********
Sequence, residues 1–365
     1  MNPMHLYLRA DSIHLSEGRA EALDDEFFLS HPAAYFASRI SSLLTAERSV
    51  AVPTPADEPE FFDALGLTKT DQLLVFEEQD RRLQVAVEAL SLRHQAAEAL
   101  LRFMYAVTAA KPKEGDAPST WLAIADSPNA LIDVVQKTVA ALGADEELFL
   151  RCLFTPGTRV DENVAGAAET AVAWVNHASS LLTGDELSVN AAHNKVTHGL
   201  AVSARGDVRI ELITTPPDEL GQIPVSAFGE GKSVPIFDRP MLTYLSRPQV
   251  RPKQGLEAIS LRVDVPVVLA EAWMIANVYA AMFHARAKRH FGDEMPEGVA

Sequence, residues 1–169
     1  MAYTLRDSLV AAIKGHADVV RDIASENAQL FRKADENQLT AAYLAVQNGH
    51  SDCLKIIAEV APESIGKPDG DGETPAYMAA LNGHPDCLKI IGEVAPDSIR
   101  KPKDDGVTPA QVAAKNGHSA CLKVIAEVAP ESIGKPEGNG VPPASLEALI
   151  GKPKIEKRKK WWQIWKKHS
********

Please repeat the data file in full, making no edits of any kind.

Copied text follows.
Sequence, residues 1–365
     1  MNPMHLYLRA DSIHLSEGRA EALDDEFFLS HPAAYFASRI SSLLTAERSV
    51  AVPTPADEPE FFDALGLTKT DQLLVFEEQD RRLQVAVEAL SLRHQAAEAL
   101  LRFMYAVTAA KPKEGDAPST WLAIADSPNA LIDVVQKTVA ALGADEELFL
   151  RCLFTPGTRV DENVAGAAET AVAWVNHASS LLTGDELSVN AAHNKVTHGL
   201  AVSARGDVRI ELITTPPDEL GQIPVSAFGE GKSVPIFDRP MLTYLSRPQV
   251  RPKQGLEAIS LRVDVPVVLA EAWMIANVYA AMFHARAKRH FGDEMPEGVA

Sequence, residues 1–169
     1  MAYTLRDSLV AAIKGHADVV RDIASENAQL FRKADENQLT AAYLAVQNGH
    51  SDCLKIIAEV APESIGKPDG DGETPAYMAA LNGHPDCLKI IGEVAPDSIR
   101  KPKDDGVTPA QVAAKNGHSA CLKVIAEVAP ESIGKPEGNG VPPASLEALI
   151  GKPKIEKRKK WWQIWKKHS